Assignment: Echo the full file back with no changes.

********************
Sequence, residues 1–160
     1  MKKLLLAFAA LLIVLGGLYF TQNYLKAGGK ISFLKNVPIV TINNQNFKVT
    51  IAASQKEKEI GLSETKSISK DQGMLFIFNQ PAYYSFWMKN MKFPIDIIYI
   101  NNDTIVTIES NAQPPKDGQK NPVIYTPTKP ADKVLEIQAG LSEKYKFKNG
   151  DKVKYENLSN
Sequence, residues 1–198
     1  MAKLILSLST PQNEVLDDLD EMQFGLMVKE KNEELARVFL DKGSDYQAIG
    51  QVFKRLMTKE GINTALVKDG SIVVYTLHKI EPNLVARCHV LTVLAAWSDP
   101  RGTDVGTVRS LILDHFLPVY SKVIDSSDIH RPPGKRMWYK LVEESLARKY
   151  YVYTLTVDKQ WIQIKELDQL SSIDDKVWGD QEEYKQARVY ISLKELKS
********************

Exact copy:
Sequence, residues 1–160
     1  MKKLLLAFAA LLIVLGGLYF TQNYLKAGGK ISFLKNVPIV TINNQNFKVT
    51  IAASQKEKEI GLSETKSISK DQGMLFIFNQ PAYYSFWMKN MKFPIDIIYI
   101  NNDTIVTIES NAQPPKDGQK NPVIYTPTKP ADKVLEIQAG LSEKYKFKNG
   151  DKVKYENLSN
Sequence, residues 1–198
     1  MAKLILSLST PQNEVLDDLD EMQFGLMVKE KNEELARVFL DKGSDYQAIG
    51  QVFKRLMTKE GINTALVKDG SIVVYTLHKI EPNLVARCHV LTVLAAWSDP
   101  RGTDVGTVRS LILDHFLPVY SKVIDSSDIH RPPGKRMWYK LVEESLARKY
   151  YVYTLTVDKQ WIQIKELDQL SSIDDKVWGD QEEYKQARVY ISLKELKS